Rhapsody, the digital music subscription service based in downtown Seattle, saw its revenue rise nearly 13 percent in 2012, to $143.7 million, while the company reduced its annual loss to $12.3 million, an improvement over its $13.6 million loss the previous year.
Although Rhapsody is a privately held company, the numbers were revealed this week in a regulatory filing by RealNetworks, which has retained a large stake in the music service since spinning it off as an independent company in 2010.
Why no annual profits for Rhapsody yet?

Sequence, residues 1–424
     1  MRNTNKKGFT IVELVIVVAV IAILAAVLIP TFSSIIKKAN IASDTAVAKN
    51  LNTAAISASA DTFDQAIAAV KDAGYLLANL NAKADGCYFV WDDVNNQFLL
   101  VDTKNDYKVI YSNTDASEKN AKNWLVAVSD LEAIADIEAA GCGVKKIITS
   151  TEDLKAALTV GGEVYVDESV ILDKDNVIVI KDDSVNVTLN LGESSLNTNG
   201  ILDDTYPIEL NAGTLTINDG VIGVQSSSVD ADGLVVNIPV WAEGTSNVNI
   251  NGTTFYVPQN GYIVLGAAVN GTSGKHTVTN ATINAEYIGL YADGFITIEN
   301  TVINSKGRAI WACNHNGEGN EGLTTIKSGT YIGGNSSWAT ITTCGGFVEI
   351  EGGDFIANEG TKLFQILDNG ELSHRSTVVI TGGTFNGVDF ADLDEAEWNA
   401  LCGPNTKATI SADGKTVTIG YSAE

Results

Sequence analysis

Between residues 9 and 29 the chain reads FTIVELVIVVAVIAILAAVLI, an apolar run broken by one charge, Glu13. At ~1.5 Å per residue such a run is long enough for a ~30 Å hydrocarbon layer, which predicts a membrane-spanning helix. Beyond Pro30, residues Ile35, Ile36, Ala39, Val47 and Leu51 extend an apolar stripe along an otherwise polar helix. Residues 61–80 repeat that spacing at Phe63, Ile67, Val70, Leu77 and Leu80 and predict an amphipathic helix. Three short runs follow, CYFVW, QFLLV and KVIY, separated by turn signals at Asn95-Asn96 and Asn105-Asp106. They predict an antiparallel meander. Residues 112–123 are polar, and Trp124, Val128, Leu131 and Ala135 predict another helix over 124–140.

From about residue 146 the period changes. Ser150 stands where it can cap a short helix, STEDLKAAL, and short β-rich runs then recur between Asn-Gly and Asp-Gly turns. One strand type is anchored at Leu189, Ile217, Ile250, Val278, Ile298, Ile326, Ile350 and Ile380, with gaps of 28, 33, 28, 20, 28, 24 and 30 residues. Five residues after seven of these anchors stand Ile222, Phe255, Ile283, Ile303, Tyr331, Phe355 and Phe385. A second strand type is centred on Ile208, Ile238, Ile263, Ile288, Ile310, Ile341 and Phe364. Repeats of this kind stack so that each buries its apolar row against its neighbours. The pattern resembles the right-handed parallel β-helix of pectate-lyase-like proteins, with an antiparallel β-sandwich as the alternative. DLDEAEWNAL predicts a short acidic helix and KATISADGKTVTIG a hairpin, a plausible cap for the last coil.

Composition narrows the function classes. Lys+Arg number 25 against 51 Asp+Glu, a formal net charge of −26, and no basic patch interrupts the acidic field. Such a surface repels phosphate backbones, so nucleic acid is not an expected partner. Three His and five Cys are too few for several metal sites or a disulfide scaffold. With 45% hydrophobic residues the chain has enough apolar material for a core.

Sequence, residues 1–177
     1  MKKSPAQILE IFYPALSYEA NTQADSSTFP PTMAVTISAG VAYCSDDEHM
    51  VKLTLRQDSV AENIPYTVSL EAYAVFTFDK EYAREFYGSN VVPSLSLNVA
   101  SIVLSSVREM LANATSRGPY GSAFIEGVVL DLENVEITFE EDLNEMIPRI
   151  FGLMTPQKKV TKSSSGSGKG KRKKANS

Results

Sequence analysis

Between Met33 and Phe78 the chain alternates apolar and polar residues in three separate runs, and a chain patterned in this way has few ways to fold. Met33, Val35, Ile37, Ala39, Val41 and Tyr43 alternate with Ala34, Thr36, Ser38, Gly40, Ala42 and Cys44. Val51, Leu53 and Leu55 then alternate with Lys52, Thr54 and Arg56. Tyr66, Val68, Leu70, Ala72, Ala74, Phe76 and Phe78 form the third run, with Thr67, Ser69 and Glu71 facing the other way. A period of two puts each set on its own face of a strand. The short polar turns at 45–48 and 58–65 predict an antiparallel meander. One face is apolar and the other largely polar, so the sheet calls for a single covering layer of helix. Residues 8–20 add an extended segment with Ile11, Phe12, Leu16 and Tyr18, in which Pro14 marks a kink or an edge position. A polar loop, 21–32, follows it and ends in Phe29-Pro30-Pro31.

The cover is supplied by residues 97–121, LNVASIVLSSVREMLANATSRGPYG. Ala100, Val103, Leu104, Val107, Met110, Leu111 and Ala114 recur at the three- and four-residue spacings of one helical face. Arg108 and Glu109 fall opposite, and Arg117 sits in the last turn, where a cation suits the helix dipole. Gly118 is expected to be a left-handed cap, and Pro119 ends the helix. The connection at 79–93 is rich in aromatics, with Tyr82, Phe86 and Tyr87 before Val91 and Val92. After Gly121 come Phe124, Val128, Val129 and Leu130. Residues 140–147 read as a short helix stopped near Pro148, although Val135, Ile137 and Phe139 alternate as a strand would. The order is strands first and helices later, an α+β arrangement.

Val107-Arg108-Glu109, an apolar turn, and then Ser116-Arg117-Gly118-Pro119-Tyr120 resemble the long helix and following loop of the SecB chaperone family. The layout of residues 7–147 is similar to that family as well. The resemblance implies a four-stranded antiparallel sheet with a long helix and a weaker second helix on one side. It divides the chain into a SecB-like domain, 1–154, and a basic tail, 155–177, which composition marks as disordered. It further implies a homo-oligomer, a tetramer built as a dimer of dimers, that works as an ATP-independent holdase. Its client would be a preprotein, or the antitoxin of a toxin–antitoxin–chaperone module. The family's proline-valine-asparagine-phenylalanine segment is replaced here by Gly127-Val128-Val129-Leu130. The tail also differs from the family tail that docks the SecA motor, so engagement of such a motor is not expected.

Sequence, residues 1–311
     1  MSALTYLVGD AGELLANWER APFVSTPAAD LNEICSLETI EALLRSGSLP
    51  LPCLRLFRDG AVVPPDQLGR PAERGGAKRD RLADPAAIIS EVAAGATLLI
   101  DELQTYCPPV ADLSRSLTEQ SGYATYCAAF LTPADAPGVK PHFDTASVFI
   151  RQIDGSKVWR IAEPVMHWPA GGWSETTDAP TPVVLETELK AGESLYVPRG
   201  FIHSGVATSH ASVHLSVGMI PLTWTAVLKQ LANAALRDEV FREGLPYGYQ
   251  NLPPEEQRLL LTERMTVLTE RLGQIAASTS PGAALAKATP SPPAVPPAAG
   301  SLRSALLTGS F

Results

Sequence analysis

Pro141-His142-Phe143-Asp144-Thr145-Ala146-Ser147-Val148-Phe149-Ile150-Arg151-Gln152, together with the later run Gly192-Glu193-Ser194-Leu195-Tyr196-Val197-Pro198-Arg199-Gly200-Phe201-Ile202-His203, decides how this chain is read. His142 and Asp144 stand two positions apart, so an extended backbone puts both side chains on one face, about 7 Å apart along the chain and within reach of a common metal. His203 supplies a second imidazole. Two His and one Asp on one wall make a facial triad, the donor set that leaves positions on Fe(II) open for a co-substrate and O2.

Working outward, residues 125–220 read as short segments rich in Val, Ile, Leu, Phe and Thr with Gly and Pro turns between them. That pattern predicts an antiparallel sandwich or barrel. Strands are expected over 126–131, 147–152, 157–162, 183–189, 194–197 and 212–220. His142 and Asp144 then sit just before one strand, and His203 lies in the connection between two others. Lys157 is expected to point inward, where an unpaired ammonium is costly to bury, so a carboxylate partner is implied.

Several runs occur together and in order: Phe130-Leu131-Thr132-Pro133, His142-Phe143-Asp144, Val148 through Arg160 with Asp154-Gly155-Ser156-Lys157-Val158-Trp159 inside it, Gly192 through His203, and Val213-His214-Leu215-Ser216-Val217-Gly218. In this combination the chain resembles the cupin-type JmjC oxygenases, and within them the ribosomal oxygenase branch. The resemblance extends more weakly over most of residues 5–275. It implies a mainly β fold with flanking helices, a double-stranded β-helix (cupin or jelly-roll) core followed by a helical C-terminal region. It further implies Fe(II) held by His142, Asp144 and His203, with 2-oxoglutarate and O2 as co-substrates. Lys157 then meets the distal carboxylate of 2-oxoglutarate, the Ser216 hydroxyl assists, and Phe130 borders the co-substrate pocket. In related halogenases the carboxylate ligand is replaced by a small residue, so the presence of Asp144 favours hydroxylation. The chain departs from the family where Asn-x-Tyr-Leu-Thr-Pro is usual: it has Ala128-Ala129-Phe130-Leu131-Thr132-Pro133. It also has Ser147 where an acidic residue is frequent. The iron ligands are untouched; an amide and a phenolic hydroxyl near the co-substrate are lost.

“While we are acutely focused on building a sustainable business, we have made the deliberate decision to invest in the short term,” a company spokesperson tells GeekWire via email. “You’ve seen the returns of that in innovation: our new Android app with Replay, the time and day-based recommendation engine, SongMatch app, iPad app, Xbox app, apps on all the major SmartTV platforms, for starters, with much more on the horizon, including further international expansion.”
The larger revenue comes despite tough competition from Spotify, and other rivals in the digital music business. It follows deals including Rhapsody’s MetroPCS partnership and its acquisition of the Napster music service from Best Buy in late 2011.
Previously: Rhapsody app arrives for Windows Phone 8